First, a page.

Some 2,000 years ago the Ancient Greek philosopher Aristotle famously stated that “Happiness is the meaning and the purpose of life, the whole aim and end of human existence”. It’s one of favourite quotes of all time!
We might all agree that our purpose of life is not just to live, but to live well. So, if there is a desire to be happy and an ability to be happy how can we pursue happiness, our well-being for ourselves and others? Since the dawn of time philosophers have been pondering just that - what it means to be happy and how we can experience this sometimes elusive yet incredible feeling.
Socrates put forth that “the secret of happiness is not found in seeking more, but in developing the capacity to enjoy less.” Similarly, the 19th Century British philosopher John Stuart Mill shared that “I have learned to seek my happiness by limiting my desires, rather than in attempting to satisfy them.”
While external rewards can spark joy, true happiness comes from the private internal success we can bestow upon ourselves by minimizing our needs and appreciating simple pleasures. In our current era of climate change and the need to reduce our impact on the environment, this motivation to live better with less may even create a sense of relief rather than deprivation.
The German philosopher Arthur Schopenhaur elaborated this internal context that “Happiness belongs to those who are sufficient unto themselves. For all external sources of happiness and pleasure, are by their very nature, highly uncertain, precarious, ephemeral and subject to chance.” His asceticism demands that our material pleasures are given up in the fight against the irrational blind will that drives human nature towards illogical desires.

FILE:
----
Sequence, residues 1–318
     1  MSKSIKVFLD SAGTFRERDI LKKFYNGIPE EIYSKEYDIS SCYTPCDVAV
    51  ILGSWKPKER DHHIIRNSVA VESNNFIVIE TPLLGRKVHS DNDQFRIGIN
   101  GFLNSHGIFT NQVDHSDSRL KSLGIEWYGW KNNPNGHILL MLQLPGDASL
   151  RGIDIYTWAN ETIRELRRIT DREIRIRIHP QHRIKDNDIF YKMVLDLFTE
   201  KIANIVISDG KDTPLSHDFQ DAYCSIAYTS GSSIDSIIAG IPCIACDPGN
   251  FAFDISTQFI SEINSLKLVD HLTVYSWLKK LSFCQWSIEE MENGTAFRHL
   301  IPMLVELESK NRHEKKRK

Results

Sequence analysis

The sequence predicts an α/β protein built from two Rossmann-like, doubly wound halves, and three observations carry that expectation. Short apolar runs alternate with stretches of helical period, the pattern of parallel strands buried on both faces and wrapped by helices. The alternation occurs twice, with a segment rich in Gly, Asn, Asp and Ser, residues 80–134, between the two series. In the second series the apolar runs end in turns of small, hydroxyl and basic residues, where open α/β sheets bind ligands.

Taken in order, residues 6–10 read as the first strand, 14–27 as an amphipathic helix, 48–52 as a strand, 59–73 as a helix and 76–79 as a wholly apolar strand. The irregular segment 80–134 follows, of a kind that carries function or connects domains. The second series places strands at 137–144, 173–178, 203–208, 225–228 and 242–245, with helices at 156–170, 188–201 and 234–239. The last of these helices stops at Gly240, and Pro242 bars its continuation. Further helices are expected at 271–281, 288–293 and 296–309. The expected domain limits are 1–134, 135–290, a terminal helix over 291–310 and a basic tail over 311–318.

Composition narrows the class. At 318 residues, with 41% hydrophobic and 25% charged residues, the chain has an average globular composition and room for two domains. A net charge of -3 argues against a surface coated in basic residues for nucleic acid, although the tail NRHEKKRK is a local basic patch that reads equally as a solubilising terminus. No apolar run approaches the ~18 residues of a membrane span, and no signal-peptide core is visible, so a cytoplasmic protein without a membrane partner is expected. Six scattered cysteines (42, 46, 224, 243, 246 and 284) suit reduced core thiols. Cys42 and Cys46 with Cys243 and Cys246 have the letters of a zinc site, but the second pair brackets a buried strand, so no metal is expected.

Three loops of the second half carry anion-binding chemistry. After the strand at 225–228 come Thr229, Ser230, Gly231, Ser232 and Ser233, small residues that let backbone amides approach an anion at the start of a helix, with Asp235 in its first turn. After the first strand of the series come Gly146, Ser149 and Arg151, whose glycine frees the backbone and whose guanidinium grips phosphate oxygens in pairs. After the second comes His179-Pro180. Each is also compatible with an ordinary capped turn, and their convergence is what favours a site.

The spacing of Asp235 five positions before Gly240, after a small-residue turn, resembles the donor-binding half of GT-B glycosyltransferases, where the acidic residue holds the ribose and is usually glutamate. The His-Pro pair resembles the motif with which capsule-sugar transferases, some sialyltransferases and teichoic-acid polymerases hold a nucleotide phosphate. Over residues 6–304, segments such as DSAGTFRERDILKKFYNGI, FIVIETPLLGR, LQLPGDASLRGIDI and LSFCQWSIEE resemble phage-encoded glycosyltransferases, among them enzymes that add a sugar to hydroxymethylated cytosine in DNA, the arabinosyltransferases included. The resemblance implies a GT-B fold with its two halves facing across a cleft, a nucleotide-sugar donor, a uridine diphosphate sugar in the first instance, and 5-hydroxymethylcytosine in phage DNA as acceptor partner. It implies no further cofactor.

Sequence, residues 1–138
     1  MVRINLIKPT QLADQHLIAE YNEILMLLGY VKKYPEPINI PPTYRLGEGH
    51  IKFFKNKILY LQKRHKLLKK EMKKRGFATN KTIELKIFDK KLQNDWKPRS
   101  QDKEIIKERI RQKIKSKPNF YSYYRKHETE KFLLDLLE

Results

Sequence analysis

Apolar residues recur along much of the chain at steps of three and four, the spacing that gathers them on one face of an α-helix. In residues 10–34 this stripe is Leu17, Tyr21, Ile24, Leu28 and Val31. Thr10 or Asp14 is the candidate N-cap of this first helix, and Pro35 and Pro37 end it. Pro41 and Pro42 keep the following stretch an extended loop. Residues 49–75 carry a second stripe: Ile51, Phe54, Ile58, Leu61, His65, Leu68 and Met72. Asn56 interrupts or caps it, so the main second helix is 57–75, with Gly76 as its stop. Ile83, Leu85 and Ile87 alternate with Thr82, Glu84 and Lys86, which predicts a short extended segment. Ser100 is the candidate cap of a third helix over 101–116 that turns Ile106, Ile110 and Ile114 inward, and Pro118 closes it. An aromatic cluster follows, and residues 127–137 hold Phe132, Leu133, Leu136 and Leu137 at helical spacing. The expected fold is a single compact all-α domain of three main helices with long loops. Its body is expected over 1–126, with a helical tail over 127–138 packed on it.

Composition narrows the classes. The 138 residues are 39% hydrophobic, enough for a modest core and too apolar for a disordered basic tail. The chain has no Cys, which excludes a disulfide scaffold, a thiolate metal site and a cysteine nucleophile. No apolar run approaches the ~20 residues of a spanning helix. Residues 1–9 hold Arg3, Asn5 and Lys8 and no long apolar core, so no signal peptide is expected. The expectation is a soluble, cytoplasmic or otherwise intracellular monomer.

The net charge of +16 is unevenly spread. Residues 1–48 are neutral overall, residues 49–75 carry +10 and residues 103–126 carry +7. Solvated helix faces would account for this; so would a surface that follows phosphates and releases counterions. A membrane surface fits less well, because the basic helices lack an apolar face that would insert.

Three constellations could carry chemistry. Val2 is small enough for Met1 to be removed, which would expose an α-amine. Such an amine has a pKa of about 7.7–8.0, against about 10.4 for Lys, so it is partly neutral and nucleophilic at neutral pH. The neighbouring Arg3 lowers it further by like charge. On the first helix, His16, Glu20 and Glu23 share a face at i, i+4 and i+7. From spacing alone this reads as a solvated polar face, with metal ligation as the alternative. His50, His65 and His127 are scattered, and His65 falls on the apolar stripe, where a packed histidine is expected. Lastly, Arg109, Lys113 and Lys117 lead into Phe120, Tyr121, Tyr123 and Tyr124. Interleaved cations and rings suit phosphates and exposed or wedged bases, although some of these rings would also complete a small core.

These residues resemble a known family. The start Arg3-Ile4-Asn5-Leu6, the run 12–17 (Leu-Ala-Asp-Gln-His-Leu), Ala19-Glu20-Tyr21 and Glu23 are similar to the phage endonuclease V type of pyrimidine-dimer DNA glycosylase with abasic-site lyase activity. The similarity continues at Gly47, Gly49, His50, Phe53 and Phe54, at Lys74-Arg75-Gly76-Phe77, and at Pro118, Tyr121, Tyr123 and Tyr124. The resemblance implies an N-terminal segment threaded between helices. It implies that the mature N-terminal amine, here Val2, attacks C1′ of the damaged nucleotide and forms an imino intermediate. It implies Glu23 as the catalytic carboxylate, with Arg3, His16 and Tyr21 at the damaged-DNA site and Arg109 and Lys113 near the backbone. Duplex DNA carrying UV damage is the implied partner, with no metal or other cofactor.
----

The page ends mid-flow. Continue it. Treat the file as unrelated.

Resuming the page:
While we all can probably agree this is true, how do we reframe our relationship to happiness and experience this state of contentment?
We can look at Eastern scholars for further elucidation. The Chinese philosopher Confucius encourages that “The more man meditates upon good thoughts, the better will be his world and the world at large.” Lao Tzu explained that “If you are depressed you are living in the past. If you are anxious you are living in the future. If you are at peace you are living in the present.”
So you can see that when you focus on the present moment with a light of appreciation and receptivity to future possibilities you may experience happiness. It is through this perspective that we can begin to embrace our current state and identify with happiness. The Buddha claimed that “there is no path to happiness: happiness is the path.” Taking this wider perspective on happiness helps to broaden our understanding of happiness with a more inclusive belief.
We often apply labels to our life experience, judging whether something is positive or negative. What if we decided to just be happy instead of sad? The Greek philosopher Aeschylus affirmed this by stating “Happiness is a choice that requires effort at times.” Though happiness is not always an easy choice, with repeated effort it can become your default state and you will start seeing happiness all around you as you become a happier person and spread joy to everyone around.
Afterall, “Happiness is not doing what you want but wanting what you do” – Jean-Paul Sartre.
So, go put on a smile with your favorite outfit and choose to be happy today!